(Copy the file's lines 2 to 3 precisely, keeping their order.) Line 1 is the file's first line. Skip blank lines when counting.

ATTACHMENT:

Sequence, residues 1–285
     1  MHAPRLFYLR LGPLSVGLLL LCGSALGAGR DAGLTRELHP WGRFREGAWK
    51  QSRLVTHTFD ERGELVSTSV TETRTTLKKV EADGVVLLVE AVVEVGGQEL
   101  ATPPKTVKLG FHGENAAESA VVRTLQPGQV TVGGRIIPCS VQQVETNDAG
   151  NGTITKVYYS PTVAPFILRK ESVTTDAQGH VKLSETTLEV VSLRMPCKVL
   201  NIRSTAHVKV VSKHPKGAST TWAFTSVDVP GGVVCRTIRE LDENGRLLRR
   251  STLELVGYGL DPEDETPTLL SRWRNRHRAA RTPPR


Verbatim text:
     1  MHAPRLFYLR LGPLSVGLLL LCGSALGAGR DAGLTRELHP WGRFREGAWK
    51  QSRLVTHTFD ERGELVSTSV TETRTTLKKV EADGVVLLVE AVVEVGGQEL